ST. PETERSBURG — A woman who spent five months behind bars before charges against her were dropped in the death of her husband has sued Pinellas County Sheriff Bob Gualtieri.
Mary Georgia Michielson, 53, said deputies arrested her even though she said she acted in self defense when she stabbed her husband Bruce to death in July 2017.
A prosecutor, citing the state’s stand your ground law, later concluded that the state couldn’t disprove Michielson’s contention and charges against her were dropped in December. Meantime, Michielson said, she lost her apartment, car and possessions, and has been forced to stay with friends. Doctors said she experienced a stroke and seizures after the attack, Michielson said, and she has been dealing with post-traumatic stress disorder — from the stabbing, years living as a victim of domestic violence and the way she was treated by the Sheriff’s Office.
Still, she told the Tampa Bay Times on Monday, she loved her husband despite his flaws and saw in him more than his worst moments.
“Not only did I lose everything,” but “I couldn’t mourn my husband. I didn’t get any in-patient rehabilitation (for the stroke). I didn’t get any counseling ... So I’m basically just trying to do my best.”
Deputies had no business bringing charges against her in the first place, according to the Nov. 15 lawsuit.
The day of her arrest, a prosecutor told a Pinellas detective that the move “would be detrimental to the investigation as more time would be needed” to research the case, according to a memo from the Pinellas-Pasco State Attorney’s Office provided by Michielson’s attorney, Tom Wadley.
"Had they done what this prosecutor recommended that they do, none of this would have happened," Wadley said.
The prosecutor, Ben Kanoski, was referring to the standard for evaluating claims under Florida’s stand your ground law. The law eliminated an individual’s duty to retreat before resorting to deadly force in a threatening encounter.
In its original form, the law required defendants to show they were acting in self defense when they used deadly force. A change made by the state Legislature shifted the burden to prosecutors, requiring that they prove self defense was was not a factor by “clear and convincing evidence.”
Sheriff Gualtieri said in an interview that he stands by his detectives’ decision to arrest Michielson.
Gualtieri said his investigators denied that prosecutors recommended against arresting her but said he must continue researching the claim before deciding how to move forward.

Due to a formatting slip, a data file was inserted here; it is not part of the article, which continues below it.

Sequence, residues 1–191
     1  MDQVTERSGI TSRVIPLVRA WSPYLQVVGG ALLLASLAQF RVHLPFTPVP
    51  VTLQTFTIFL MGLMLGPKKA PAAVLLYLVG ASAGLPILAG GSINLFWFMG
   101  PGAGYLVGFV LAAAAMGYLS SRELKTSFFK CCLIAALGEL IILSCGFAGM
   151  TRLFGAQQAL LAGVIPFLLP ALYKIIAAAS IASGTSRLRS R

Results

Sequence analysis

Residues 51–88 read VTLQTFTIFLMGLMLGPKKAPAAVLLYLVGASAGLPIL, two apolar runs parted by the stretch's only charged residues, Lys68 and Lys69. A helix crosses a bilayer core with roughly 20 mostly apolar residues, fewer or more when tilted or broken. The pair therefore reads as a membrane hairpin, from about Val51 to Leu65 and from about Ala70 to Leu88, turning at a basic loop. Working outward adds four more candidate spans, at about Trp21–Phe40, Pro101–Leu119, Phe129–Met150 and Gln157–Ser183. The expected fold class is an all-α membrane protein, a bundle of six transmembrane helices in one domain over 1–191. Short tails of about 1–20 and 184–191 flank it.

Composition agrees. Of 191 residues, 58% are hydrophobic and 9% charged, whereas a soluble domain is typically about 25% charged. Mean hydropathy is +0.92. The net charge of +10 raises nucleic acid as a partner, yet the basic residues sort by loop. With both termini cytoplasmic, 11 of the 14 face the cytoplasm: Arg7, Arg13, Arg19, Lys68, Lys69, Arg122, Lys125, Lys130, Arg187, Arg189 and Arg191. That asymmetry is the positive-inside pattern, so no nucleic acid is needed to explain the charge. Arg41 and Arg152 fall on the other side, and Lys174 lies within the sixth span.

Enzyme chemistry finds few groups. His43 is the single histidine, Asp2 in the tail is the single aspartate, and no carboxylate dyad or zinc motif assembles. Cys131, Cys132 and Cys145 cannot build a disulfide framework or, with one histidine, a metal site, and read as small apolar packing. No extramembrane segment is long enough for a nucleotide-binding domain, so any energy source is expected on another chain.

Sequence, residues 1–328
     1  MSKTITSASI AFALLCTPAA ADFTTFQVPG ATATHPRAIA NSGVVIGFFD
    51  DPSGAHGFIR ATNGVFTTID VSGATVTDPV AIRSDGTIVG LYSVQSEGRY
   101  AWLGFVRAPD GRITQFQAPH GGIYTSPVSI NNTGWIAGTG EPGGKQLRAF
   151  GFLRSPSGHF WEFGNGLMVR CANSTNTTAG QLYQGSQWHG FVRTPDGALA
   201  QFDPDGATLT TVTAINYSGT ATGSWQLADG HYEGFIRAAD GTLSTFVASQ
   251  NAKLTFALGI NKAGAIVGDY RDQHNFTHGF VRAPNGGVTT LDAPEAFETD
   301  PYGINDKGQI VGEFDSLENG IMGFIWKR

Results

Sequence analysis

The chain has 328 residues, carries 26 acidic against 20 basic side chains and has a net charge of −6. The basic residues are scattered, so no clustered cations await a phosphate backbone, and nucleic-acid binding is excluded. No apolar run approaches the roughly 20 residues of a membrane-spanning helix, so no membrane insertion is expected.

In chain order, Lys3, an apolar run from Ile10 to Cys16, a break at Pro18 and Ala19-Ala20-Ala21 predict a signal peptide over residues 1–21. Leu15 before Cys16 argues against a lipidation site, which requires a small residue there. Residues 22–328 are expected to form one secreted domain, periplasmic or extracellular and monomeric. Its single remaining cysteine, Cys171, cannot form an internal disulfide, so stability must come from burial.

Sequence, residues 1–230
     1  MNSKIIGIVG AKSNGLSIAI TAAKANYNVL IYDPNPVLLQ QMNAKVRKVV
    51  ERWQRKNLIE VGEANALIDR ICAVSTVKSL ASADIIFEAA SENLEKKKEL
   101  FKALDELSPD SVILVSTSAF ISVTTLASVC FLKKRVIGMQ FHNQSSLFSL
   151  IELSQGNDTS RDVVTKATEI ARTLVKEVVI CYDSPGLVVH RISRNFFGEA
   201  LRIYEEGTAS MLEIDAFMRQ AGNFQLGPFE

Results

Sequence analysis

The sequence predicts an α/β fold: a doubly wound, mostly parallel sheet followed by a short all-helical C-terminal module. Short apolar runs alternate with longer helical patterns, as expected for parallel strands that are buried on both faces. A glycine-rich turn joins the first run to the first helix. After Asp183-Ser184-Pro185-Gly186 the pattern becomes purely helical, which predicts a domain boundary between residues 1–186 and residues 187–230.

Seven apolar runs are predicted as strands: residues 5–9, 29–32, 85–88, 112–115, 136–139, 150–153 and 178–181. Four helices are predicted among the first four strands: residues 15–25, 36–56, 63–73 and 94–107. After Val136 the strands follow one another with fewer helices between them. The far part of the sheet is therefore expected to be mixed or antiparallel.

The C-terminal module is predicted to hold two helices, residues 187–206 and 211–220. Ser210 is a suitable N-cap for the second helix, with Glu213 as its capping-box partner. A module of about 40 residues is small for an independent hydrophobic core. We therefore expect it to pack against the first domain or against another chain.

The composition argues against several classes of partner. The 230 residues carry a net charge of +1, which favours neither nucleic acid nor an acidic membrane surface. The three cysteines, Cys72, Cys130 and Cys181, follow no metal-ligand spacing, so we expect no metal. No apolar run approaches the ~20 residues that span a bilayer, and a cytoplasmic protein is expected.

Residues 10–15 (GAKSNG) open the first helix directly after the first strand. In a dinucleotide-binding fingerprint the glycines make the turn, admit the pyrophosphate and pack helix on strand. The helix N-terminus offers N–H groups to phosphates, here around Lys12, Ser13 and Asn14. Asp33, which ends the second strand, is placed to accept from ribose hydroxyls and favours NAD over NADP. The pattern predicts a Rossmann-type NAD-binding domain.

“There are certainly things that are laid out in the State Attorney’s file that need to be fleshed out,” he told the Times last week.
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Information from the Sheriff's Office and the State Attorney’s provides this timeline:
On the night of the killing, Bruce Michielson had been drinking and he argued with his wife, who goes by the name Georgia. She told him to sleep on the couch and locked herself in the bedroom.
She snuck out at one point to use the bathroom and ran into him in the hallway. He pushed her, then went into the bathroom. She spotted a knife stabbed into a pillow where he had been sleeping then grabbed the knife and several others and brought them with her into the bedroom.
Bruce Michielson tried to enter the bedroom and his wife pushed against the door, telling him she had a knife.
He managed to prop the door open and slip his foot inside. Georgia Michielson swung a knife around the door and stabbed him in the chest.
Bruce Michielson was pronounced dead at a hospital. Georgia Michielson was also hospitalized.
The Sheriff’s Office said Michielson gave inconsistent accounts of what happened.
Her “statements and the physical evidence did not support the justifiable use of deadly force,” according to an arrest report. Detectives arrested her upon her release from the hospital.
Kanoski, the assistant state attorney, came to a different conclusion.
“The defense will point to the fact that the physical evidence is entirely consistent with the defendant’s version of events,” he wrote in a November 2017 memo. “Frankly, it is.”
The Michielson case played out under the radar until another stand your ground case that emerged over the summer took a sharply different path.
On July 19, Michael Drejka shot and killed Markeis McGlockton in a convenience store parking lot near Clearwater. McGlockton had shoved Drejka to the ground during an argument over a parking space, putting Drejka in fear of further attack, he told detectives.
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That case, too, was handled by Gualtieri’s office. But the sheriff declined to arrest Drejka, saying he was precluded from doing so by stand your ground and referred the case to the State Attorney’s Office for further consideration.
By then, Gualtieri had received notice that Michielson intended to sue. He told the Times in August that the Michielson case, and the new burden of proof in the law, weighed on him.
The sheriff faced criticism from McGlockton’s family, lawmakers and civil rights activists. Prosecutors had Drejka arrested about three weeks later on a manslaughter charge.
“There is irony in this,” the sheriff said last week, speaking of the two cases.
He echoed a sentiment he expressed soon after the McGlockton shooting: “Damned if you do, damned if you don’t.”
Contact Kathryn Varn at [email protected] or (727) 893-8913. Follow @kathrynvarn.